"Tell 'em Spano . . ."
Dennis Roberts

One of my favorite memories of C.B. King is the way he liked to make a point by attributing it to some real or mythical confederate hero, which put white folks in a quandary because they took these things absolutely seriously and couldn't imagine you were joking about it — after all these were apparently the words of some G*R*E*A*T Confederate hero: "As the Honorable Beauregard B. (for Bubba) Smith oft noted . . . "

Sometimes he went pretty far, too. But it was always in a vein that the crackers had to swallow it. "As Beauregard Bucknellington Wellington III, a famous Confederate General who liberated the City of Dogpatch, Georgia, once said: 'No matter how we might personally feel about Nigras, our constitution requires that all be treated equally and this, most unfortunately, includes Nigras . . . .'"

Or as my friend Ken Cloke remembers (Ken is a Boalt Hall/U.C. Berkeley graduate who spent a summer working for C.B. in Albany after I left, who loved C.B., and whom C.B. enjoyed tremendously), when C.B. had a comment to make on some atrocious and evil aspect of Southern culture, taking his bass voice down another sonorous notch, he might start out, "When the mellifluous perfume of honeysuckle and magnolia blossoms wafts heavily upon the evening zephyr" . . . and that gave him plenty of leeway to get his atrocious point well in before the prosecutor or whoever could recover from his reverie.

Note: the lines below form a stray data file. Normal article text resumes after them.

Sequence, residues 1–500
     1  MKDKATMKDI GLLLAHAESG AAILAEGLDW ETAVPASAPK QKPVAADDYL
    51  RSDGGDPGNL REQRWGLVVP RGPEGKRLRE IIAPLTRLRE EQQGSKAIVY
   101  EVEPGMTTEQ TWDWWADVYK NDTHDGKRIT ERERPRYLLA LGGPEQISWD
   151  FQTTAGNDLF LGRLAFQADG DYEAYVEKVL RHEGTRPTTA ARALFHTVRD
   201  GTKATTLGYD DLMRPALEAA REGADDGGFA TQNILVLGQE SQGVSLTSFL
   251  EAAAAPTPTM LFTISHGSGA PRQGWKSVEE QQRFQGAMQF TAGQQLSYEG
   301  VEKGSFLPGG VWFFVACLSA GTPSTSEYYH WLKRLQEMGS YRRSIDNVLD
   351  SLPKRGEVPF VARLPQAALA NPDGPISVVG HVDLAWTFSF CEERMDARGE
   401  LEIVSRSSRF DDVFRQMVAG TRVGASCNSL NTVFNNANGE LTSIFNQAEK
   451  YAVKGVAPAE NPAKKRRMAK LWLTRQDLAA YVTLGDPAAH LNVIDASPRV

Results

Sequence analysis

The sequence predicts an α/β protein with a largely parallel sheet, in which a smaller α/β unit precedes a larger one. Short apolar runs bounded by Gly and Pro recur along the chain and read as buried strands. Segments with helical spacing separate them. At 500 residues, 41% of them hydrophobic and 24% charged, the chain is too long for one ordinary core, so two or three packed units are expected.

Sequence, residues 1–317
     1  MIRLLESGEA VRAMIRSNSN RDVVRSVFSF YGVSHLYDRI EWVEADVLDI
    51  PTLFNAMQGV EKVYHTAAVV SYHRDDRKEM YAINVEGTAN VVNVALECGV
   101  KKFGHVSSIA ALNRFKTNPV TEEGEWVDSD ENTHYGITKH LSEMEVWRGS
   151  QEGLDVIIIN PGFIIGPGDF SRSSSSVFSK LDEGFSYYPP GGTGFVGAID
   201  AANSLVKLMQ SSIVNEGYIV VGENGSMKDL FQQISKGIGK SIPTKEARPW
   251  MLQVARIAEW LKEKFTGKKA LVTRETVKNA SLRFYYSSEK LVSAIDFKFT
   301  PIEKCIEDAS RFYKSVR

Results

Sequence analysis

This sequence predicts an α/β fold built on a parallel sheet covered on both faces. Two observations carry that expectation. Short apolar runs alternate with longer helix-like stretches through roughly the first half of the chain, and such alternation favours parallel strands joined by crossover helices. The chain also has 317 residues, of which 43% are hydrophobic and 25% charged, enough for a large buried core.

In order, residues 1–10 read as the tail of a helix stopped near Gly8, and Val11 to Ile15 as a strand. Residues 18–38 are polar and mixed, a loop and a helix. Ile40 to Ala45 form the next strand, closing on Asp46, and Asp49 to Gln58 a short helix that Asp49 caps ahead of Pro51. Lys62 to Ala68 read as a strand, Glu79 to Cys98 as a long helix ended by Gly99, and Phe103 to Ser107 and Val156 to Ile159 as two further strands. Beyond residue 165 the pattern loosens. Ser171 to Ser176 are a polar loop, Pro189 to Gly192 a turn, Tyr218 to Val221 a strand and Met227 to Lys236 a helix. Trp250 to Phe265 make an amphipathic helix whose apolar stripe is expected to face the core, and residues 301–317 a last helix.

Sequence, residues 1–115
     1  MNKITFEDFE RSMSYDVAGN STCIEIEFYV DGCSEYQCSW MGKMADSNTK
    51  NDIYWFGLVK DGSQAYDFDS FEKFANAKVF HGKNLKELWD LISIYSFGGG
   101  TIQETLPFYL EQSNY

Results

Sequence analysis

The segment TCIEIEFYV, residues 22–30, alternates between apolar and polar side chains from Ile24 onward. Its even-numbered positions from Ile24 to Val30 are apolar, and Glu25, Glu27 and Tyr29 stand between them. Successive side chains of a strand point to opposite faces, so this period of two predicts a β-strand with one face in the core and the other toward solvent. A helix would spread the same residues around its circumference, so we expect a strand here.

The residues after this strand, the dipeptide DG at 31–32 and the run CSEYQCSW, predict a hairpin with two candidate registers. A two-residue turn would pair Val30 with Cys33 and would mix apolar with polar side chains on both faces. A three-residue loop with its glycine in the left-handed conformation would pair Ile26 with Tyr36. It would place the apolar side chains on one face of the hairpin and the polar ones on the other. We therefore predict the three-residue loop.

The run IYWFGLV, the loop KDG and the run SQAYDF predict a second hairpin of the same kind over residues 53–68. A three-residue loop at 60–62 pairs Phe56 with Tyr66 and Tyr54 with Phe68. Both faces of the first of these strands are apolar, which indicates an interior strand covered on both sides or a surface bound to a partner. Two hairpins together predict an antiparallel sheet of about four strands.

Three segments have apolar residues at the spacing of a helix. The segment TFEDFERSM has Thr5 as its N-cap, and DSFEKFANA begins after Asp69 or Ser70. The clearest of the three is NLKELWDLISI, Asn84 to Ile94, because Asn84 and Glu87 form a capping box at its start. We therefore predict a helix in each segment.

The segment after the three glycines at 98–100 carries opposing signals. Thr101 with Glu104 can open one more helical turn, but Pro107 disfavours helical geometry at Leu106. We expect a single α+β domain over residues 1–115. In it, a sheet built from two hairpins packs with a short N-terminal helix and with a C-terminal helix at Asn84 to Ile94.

In court he cited cases just above or far beyond the ken of his opponents. It didn't always matter that the case was specifically relevant or not if it had the proper intimidating effect!

As I learned many a lesson in poise and grace in life from C.B. just by being in his presence every day I worked with him, from all this I learned an invaluable practical lesson in the law.

Once we were called to Moultrie, Georgia, by a notable figure named Herman Kitchens. Herman — or Humm'n, as the name was pronounced — was a businessman, a man of parts, who had joined the Movement, one day a Movement hero, the next a man of affairs, well known to us all and also to the Law, who no longer knew how to take him — and in this he was like a lot guys who had always made their way in the business and social byways of the little old southern towns, and could operate on that plane, and now were joining the Movement too, presenting the authorities a puzzle on any given day how to take them, and guys like Humm'n were having to keep an ever more delicate balance.